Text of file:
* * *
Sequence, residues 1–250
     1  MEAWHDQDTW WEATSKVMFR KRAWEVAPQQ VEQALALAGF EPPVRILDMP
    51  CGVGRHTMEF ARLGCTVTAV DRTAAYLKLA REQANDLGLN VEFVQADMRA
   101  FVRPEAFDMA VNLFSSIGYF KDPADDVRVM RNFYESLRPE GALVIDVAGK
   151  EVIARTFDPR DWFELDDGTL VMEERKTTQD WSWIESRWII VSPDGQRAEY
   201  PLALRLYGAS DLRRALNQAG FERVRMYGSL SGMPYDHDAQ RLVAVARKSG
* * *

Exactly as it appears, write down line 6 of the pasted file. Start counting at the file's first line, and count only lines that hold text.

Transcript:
   201  PLALRLYGAS DLRRALNQAG FERVRMYGSL SGMPYDHDAQ RLVAVARKSG